A group of passionate health care professionals at Saint John’s Hospital began planning the first Stroke Retreat in early 2008. (www.st-johns.org) We partnered with Retreat & Refresh Stroke Camp Group pic 3to provide a fun filled weekend of retreat with stroke survivors, caregivers and family members. It included education, socialization, relaxation and support for all in the beautiful setting of the Chiara Center, one of the healing ministries of the Hospital Sisters of St. Francis. It offers hospitality to those seeking peace; provides an environment, experience and resources for contemplative living and promotes the Franciscan values of peace, reconciliation and justice.

As soon as the planning of our retreat began, we knew the Holy Spirit was involved. At the proposal meeting with camp staff, administration and interested staff at Saint John’s Hospital, Janet Nix excitedly approached us with the idea of Touch Drawing as one of the activities of the weekend.

Through this direct drawing process even someone with limited mobility, such as a stroke survivor, becomes a unique creative artist. The hands become extensions of the soul, moving freely in response to the sensations of the moment. Touch drawing unleashes creative, psychological and spiritual healing. 

Janet led the group of stroke survivors, caregivers and volunteer staff from Saint John’s Hospital. As she explained the process of Touch Drawing, there was confusion and possibly boredom on the faces in the group. However once the process began, each person regardless of their mobility was drawn into the creative activity doing one drawing after another. Some were laughing and chatting. Others were quiet and introspective as they created from within. Many stayed for the second session. Everyone wanted to be sure they retrieved their creations when they dried. Their drawings were a reminder of this special weekend where they were ‘normal’, loved and cared for by those at the retreat and by the Holy Spirit. Marylee Nunley, Director of Stroke Retreat & Refresh Stroke Camp is so impressed with the activity and its effect on stroke survivors that she plans to have Touch Drawing at their 2009 camps. (See www.strokecamp.org) If you would like to engage in discussion on this topic, you can join our online community and then join Touch Drawing & SoulCards in the Hospital Setting.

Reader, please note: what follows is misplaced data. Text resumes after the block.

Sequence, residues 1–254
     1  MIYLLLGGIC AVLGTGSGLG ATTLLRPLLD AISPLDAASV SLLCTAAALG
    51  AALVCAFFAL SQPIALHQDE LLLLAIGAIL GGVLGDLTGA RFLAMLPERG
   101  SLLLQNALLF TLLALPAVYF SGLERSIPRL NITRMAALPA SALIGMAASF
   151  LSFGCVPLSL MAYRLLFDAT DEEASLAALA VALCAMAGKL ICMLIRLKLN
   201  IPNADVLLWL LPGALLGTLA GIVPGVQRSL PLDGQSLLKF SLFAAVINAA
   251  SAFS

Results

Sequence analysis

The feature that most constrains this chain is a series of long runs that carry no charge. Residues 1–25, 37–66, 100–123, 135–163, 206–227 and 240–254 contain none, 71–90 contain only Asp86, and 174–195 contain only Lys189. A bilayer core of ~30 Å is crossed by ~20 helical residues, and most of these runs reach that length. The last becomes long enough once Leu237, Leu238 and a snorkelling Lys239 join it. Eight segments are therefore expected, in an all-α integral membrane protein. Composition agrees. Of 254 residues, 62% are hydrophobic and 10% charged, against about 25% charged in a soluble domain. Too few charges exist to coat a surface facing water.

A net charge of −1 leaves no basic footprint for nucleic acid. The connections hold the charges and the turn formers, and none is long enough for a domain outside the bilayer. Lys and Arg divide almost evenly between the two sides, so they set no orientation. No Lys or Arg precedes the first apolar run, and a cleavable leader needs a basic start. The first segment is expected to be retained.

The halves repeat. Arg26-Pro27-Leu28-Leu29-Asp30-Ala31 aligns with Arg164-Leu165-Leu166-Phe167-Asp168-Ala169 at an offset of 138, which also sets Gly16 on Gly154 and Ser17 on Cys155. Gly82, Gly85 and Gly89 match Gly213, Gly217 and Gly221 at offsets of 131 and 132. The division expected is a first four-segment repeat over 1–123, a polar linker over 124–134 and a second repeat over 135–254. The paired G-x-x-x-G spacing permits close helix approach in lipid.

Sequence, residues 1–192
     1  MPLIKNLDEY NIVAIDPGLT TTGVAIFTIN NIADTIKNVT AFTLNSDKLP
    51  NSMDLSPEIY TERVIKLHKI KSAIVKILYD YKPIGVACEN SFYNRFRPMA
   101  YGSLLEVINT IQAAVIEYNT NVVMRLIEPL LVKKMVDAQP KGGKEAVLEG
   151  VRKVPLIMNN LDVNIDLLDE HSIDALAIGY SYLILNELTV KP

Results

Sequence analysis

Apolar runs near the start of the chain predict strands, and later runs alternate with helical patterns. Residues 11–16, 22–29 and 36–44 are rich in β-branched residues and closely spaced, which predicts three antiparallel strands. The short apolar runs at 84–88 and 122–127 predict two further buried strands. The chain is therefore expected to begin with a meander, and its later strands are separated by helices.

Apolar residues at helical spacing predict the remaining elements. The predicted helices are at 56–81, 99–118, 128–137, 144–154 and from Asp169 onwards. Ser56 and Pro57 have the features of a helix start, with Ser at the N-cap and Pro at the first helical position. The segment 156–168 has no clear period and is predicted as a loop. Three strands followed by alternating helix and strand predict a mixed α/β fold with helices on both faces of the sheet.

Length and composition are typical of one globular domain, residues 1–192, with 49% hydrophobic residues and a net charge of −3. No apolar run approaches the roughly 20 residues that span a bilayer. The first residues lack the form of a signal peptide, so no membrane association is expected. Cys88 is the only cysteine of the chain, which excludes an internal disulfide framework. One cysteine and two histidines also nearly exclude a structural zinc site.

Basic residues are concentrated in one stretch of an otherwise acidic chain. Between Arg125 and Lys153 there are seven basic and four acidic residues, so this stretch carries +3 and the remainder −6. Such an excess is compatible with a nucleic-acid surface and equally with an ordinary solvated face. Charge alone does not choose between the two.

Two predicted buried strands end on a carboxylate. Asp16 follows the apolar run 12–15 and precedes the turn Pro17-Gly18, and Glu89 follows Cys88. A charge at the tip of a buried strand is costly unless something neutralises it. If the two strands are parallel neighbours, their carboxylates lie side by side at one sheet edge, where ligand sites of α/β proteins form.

A Lifetime of Creating

Irv Knowlen

On February 20th, 2009 Victoria Anderson and the Expressive Arts Gallery of Sarasota had a special opening of art that I've done since being diagnosed with Parkinson's seven years ago. It was based on the premise that the need to create should and can continue throughout ones lifetime, even when one has Parkinson's; thus the title An Art Continuum. It started on one wall and continued on to the next showing the progression of changes in style, techniques and mediums including the use of the computer as the disease progressed. It ended with the my Touch Drawings, along with a statement I made concerning my present exposure to the art of Touch Drawing and how it fits into my desire to continue to create.

I find in Touch Drawing an intuitive spontaneous way to release the images that dwell somewhere inside of me. They seem to flow through my finger tips and onto the paper, giving me information and feedback that I need to be alert to and respond to. It’s a visual dance I do between me and the paper that I find extremely pleasurable, tactile and addictive. It's like going to church and singing right out loud. It gives me one more tool in fighting this thing called Parkinson’s.

You can see many more Touch Drawings that Irv has created and other artwork from his exhibition, on his member page in the Online Community. You can also join the TDParkinsonians group.

The Center for Touch Drawing • P O Box 1089 • Langley, Washington 98260 • (360) 221-5745 • center@touchdrawing.com